As America’s First Racially Integrated Housing Project Is Rebuilt, Ripples of Displacement Follow – Next City

Regardless of national origin, Yesler Terrace residents were alike in their extremely low incomes. Longtime affordable-housing activist John Fox cites a 2008 King County assessment that found the average household income at Yesler Terrace was 18 percent of the area’s median. The community served the poorest people in public housing.

Seattle’s supply of subsidized housing is a fraction of the demand. Qualifying renters in Seattle wait two to eight years for spots in Housing Authority buildings. Rent subsidy vouchers are issued by lottery; the most recent drawing, in 2017, saw 22,000 households put in to be on a waiting list for 3,500 vouchers.

In the last round, lottery participants were asked to describe their living situation.

“Some of the people were actually unsheltered — homeless, living on the streets — but a lot were in what you’d call really substandard situations,” says Kerry Coughlin, Housing Authority communications director and an executive board member. “Literally, in one case it was, ‘I’m living in a 9-foot-by-10-foot walk-in closet in a distant relative’s home, with my three children.’ …

“It’s amazing, once a family has stable housing how much they are able to accomplish. But when you’re living in that closet or in a car, or moving from shelter to shelter or relative to relative, it’s really hard for the kids to do well in school. It’s almost impossible for the parents to find work, because just survival is full-time work.”

The Community Hung on, As Buildings around Them Deteriorated

A Yesler Terrace revival had been on the Seattle Housing Authority to-do list for years before the redevelopment plan began to coalesce in 2006. Water flowed through building foundations. Rats nested in abandoned pipes, and wandered through walls. The buildings were out of compliance with building codes and could not accommodate residents with mobility challenges.

“The buildings were crumbing,” Coughlin says. “The buildings were molding. The infrastructure underneath was cracked and bad. It couldn’t be rehabbed anymore.”

A First Hill resident of 20 years, Jim Erickson is something of a civic busybody; his attitude is that, as a retiree, it doesn’t cost him anything to go to a meeting. He enthuses on the small fights — a new pocket park, a parking garage entrance kept off a walkable street — that subtly shape a city. In 2012, he secured a place on the Yesler Terrace advisory board meant to enable residents, neighbors like Erickson and organizations with a stake in the work to nudge the Yesler redevelopment.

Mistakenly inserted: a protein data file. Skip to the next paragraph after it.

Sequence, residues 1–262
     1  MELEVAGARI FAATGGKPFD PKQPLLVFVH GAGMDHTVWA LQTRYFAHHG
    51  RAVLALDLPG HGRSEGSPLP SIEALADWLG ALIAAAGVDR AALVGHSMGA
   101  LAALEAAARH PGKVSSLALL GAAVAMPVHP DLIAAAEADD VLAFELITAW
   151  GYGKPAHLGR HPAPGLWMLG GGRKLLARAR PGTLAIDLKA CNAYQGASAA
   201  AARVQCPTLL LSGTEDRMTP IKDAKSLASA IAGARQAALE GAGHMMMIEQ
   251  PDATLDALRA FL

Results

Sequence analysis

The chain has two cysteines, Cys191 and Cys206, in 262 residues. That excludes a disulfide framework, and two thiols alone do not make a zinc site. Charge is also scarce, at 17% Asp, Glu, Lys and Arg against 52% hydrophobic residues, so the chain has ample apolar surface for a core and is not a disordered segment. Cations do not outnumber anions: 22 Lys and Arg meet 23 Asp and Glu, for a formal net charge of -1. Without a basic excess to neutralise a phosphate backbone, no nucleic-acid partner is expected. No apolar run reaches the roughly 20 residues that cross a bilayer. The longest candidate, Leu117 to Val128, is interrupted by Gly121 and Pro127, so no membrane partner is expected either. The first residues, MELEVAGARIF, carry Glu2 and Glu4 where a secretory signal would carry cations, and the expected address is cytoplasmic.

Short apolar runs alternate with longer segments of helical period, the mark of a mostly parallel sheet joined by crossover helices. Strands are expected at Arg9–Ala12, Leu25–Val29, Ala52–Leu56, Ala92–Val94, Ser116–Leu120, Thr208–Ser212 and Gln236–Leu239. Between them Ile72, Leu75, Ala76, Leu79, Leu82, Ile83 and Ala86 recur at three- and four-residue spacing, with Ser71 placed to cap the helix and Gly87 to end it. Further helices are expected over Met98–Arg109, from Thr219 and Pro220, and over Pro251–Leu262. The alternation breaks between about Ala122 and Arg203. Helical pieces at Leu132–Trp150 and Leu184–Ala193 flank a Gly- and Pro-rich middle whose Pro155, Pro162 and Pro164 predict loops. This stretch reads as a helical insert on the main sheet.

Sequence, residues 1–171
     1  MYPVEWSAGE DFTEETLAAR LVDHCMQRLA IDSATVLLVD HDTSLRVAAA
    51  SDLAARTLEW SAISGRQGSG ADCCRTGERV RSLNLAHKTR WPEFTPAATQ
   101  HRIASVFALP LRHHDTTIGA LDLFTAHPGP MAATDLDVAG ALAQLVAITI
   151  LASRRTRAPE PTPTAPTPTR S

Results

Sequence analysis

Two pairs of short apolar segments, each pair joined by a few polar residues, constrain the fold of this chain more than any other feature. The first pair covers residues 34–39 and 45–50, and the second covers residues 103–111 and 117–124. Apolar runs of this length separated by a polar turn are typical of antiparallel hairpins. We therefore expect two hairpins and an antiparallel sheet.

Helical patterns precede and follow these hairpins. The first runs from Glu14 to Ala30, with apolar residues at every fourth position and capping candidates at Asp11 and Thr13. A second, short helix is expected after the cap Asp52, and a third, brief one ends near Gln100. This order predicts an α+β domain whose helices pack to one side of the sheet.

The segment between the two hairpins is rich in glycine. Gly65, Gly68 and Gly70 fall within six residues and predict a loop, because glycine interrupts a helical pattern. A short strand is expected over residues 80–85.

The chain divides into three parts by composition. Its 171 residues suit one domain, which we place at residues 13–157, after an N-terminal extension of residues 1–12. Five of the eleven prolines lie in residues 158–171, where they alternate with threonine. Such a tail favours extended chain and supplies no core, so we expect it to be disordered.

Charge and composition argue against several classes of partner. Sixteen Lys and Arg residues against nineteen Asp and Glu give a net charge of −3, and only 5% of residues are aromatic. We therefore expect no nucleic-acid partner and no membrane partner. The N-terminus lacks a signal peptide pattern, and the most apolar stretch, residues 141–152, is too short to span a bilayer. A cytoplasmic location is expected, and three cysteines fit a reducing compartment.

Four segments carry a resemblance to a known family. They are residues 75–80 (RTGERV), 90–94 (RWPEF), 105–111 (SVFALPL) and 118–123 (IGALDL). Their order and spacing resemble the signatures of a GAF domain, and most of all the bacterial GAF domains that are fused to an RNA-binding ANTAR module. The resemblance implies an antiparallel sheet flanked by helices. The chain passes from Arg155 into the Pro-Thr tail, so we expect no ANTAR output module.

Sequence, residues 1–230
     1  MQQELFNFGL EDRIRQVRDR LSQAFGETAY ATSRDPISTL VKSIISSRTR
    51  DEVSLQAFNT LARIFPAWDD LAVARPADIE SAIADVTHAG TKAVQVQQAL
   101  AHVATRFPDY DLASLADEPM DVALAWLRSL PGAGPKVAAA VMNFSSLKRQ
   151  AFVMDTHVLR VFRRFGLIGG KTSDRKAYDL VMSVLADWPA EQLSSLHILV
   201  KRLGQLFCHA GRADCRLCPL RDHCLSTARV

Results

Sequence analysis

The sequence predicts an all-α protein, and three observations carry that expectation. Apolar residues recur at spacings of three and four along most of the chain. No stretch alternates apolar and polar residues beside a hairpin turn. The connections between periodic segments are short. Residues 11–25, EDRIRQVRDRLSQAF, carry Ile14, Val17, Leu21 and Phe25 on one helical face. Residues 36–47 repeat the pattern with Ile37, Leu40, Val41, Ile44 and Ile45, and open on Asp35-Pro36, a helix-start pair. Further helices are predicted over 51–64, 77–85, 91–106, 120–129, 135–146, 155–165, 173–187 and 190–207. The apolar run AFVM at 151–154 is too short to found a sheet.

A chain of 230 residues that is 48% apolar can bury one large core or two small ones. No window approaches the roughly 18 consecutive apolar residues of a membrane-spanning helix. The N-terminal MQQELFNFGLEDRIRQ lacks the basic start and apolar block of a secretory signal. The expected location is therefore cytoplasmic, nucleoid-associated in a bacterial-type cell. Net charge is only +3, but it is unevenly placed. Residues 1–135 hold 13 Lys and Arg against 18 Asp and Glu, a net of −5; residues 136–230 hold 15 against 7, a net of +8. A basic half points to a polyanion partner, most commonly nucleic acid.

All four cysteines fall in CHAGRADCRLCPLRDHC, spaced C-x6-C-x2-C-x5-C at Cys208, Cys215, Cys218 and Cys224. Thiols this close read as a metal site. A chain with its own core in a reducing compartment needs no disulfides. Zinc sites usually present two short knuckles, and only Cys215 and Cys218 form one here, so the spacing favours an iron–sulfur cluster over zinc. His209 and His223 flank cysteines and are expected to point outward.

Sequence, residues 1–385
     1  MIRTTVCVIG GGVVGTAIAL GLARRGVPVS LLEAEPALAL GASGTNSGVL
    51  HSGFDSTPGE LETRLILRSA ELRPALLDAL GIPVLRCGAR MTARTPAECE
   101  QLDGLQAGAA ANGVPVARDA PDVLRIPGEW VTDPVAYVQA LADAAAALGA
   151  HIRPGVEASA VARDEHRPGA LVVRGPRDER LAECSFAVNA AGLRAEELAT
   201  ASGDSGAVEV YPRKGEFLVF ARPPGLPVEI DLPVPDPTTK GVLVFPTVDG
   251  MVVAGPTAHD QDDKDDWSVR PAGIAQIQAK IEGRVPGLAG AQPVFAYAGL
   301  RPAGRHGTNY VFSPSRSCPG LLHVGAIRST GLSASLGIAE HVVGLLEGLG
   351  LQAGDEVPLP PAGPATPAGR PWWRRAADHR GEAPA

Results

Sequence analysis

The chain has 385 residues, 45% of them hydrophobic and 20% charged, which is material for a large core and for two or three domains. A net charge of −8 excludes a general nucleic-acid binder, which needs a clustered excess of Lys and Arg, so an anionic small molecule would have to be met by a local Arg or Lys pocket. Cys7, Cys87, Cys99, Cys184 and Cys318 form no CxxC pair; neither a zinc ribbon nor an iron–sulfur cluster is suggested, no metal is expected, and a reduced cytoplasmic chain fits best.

“Pea patch” gardens grow at the foot of Hoa Mai Gardens, a 111-unit apartment complex owned by Seattle Housing Authority. Hoa Mai Gardens opened in the summer of 2017 as part of the Yesler Terrace redevelopment. (Photo by Levi Pulkkinen)

For years, committee members fought and fussed over building designs and amenities. The continuation of a resident council was a flashpoint. The finished product was a compromise, but one many involved take pride in.

“I think we made a difference. I really do,” says O’Donnell, a vocal member of the resident council who opposed the redevelopment and now lives in one of the new buildings. “We did not get what we wanted, which was another round of fix-up. … But realistically, the resources and the federal financing to do that aren’t there.

“The alternative to doing what they did would be to let the community deteriorate one building at a time and board it up.”

Erickson is particularly glad the new buildings were built to keep the interior air clean; Interstate 5 runs along Yesler Terrace’s southwestern edge, soiling the air with exhaust.

Residents nursed smaller, personal fears. Would the new homes have backyards, like Yesler row houses? (No.) Would the new buildings be secure? (Yes.) Would there be parking for the truck that delivers surplus vegetables once a week? (Yes.)

Residents also shared a big, looming concern — when their Yesler Terrace row house is knocked down, would they be shuffled to public housing removed from the city core? Five years into the rebuild, the answer to that question appears to be a matter of perspective.

The Housing Authority contends the 493 households living at Yesler Terrace when redevelopment began have the first right to homes at the new site. Initial rounds of displaced residents had to move off-site. Since those initial relocations, Coughlin says, residents have been able to move into newly built buildings at Yesler Terrace when time came to demolish their homes. Some residents took their housing vouchers and left the city. Others settled into other Seattle Housing Authority buildings. A handful bought homes elsewhere.